The annual deadline for filing individual tax returns arrives at midnight amid intensified public debate over the equity and efficiency of the system and mounting pressure on Congress to decide whether to raise taxes this year, and, if so, by how much.
Congressional and administration tax policy over the past two years has been marked by extremes, ranging from the administration's $749 billion gamble in 1981 on "supply side" tax cuts to the enactment in 1982 of the $98 billion tax increase, marking a return of tax "reform."
For taxpayers filing on 1982 income, the major beneficiaries of the recent tax cuts are those who received income from investments, almost all of them taxpayers in the upper brackets. The top tax rate on unearned income was lowered from 70 to 50 percent, the largest single rate cut for any income group.
For the overwhelming majority of taxpayers with wage and salary income, the 1981 tax bill produced 10 percent reduction in rates for 1982 income. In 1983, this will grow to 19 percent and in 1984, when it is fully effective, the cut will be 23 percent.
The legislation, the cornerstone of the Reagan administration's economic program, remains under fire, however, as Democrats--and some Republicans--are threatening to try either to eliminate the last of the three-step rate cut, the 10 percent reduction scheduled for July 1, or to cap the break at $700 so that the rate cut would stop growing once income reached $50,000.
More immediately, a key provision of the 1982 tax bill, 10 percent withholding on interest and dividend income, faces a series of Senate votes that may bring its repeal, over the objections of Senate Finance Committee Chairman Robert Dole (R-Kan.) and President Reagan.
Dole's major tactic, however, will be to try to stall action for as long as possible in an uphill effort to gain the support of at least one third of the Senate so that a veto of repeal could be sustained.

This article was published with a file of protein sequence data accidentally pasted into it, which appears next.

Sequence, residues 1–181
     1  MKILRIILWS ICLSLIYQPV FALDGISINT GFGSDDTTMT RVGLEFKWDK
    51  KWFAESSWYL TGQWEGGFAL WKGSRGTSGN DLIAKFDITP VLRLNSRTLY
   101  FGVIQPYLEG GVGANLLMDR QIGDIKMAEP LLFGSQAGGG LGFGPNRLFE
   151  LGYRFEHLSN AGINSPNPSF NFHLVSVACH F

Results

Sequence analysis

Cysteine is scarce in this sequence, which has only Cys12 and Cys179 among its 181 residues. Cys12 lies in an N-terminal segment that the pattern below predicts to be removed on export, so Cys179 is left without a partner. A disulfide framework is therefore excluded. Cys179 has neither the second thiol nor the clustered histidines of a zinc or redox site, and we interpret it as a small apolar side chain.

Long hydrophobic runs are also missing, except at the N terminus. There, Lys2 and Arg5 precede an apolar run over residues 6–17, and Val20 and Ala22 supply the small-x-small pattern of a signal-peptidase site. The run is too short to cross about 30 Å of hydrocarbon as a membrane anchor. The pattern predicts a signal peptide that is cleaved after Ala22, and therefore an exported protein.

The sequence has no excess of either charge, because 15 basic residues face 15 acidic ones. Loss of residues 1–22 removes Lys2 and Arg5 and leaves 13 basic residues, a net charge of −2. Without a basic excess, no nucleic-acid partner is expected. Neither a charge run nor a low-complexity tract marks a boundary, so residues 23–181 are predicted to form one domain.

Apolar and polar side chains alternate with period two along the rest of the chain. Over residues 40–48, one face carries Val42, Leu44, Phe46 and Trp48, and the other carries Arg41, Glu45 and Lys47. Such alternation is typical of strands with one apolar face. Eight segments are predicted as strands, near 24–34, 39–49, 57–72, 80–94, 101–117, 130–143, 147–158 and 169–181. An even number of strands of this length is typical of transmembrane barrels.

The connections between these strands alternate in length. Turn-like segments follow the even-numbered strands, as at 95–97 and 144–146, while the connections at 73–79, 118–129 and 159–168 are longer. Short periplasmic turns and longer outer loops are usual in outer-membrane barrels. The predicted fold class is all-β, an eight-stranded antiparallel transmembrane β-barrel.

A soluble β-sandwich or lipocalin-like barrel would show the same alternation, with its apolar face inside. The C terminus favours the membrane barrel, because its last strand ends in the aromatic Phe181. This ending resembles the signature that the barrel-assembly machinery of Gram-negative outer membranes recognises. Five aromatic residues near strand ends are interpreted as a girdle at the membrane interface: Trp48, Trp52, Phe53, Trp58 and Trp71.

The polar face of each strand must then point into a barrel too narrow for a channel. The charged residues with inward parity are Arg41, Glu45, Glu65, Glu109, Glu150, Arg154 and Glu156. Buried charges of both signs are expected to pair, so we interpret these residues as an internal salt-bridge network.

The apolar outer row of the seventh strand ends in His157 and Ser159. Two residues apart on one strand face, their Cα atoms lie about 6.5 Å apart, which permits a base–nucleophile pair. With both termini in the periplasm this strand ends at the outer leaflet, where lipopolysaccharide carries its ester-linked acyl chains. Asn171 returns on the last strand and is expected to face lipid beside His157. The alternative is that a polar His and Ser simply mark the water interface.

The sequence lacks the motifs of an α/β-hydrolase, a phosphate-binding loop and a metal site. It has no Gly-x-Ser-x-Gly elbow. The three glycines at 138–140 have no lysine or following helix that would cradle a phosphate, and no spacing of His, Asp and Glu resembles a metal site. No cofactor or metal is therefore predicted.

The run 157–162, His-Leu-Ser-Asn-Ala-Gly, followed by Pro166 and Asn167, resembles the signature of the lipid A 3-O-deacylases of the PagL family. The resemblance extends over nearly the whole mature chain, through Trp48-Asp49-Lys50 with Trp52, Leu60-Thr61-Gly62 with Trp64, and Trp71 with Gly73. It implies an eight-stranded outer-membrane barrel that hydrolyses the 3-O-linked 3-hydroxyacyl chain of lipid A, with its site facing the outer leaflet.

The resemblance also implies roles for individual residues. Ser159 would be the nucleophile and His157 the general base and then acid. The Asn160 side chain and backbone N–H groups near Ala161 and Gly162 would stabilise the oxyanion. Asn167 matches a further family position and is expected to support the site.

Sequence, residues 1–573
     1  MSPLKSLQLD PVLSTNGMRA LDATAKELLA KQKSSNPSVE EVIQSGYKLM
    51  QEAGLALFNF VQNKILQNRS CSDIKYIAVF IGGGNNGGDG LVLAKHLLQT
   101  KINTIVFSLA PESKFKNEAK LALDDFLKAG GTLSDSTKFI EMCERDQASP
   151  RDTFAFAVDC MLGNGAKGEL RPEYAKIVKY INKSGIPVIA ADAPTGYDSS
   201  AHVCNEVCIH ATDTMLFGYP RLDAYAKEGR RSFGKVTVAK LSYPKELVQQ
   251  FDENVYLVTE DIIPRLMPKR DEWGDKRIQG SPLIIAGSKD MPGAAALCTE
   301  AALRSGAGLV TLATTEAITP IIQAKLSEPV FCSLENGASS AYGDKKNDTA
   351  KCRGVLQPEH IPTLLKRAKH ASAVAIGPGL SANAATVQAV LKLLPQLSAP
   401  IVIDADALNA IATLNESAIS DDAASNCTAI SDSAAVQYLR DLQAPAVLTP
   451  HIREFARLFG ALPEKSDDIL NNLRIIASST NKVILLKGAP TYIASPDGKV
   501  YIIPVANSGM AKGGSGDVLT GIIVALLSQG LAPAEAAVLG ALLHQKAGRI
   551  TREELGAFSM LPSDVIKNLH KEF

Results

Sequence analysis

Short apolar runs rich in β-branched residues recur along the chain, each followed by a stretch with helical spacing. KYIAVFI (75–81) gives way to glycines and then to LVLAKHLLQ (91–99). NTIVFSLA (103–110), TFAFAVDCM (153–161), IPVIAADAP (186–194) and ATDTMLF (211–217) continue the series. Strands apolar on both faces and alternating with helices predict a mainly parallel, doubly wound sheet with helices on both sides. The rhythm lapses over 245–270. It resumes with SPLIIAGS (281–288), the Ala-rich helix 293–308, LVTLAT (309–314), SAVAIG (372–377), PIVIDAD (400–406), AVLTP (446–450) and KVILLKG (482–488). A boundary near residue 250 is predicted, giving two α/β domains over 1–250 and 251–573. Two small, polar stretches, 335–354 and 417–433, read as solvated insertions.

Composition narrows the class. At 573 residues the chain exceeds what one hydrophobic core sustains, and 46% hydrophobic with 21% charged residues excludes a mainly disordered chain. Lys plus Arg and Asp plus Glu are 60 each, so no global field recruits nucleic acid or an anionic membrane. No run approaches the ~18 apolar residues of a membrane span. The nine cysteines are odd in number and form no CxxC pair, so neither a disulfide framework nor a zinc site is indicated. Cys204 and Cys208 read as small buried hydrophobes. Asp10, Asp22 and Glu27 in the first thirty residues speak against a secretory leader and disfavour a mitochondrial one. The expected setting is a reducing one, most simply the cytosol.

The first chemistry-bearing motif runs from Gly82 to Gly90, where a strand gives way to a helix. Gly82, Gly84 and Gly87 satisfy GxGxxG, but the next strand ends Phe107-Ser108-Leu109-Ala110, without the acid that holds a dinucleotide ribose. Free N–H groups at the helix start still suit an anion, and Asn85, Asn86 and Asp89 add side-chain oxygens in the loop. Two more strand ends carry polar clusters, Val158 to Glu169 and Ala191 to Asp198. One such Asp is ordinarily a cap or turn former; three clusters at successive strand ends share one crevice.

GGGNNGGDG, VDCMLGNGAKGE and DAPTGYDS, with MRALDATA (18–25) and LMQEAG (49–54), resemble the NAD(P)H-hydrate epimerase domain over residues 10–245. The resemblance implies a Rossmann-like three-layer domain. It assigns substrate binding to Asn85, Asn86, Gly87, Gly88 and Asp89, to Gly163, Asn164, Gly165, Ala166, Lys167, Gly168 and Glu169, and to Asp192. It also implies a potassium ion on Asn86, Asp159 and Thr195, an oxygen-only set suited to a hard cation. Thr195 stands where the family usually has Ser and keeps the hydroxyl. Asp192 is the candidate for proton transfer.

Repeal of withholding, Dole claimed, "would stop tax reform dead in its tracks for 20 years."
On two other fronts, however, proponents of tax reform, which had been moribund as recently as two years ago, used the April 15 deadline as a vehicle to draw public attention to their arguments and legislative initiatives:
* The Center on Budget and Policy Alternatives issued a book by two tax reform lobbyists, Robert S. McIntyre and Dean C. Tipps, "Inequity and Decline," much of which is a sustained criticism of the existing system of individual and corporate taxation.
The two argue that the widely varying rates on profits from different investments function to distort national investment patterns instead of encouraging economic growth.
"This is an important book," commented Richard A. Musgrave, a professor of public finance, writing in the foreward . . "they show how tens of billions of dollars in investment tax 'incentives' adopted over the past decade or more have been ineffective and often counterproductive."
* At a press conference at the National Press Club, Rep. Richard A. Gephardt (D-Mo.), a member of the Ways and Means Committee, and Sen. Bill Bradley (D-N.J.) announced details of revised legislation that would completely overhaul the corporate and individual income tax structure.
The measure, which has been getting increased backing within the Democratic Party, would eliminate almost all deductions, credits and exemptions, and use the boost in revenues to lower and simplify the rate structure. For individuals, there would be only three rates, 14, 26 and 30 percent, with about 80 percent of all taxpayers falling in the bottom bracket. For corporations, there would be only one rate, 30 percent, compared to a top rate of 46 percent now.
Total tax revenues would remain at current levels, but the 16 point drop in the corporate rate would be achieved by elimination of the 10 percent investment tax credit and a new depreciation schedule. All special breaks targeted to specific industries would be eliminated.
Graphic: photo By James K.W. Atherton--The Washington Post Senators Edward Kennedy and Robert Dole at press conference on withholding tax.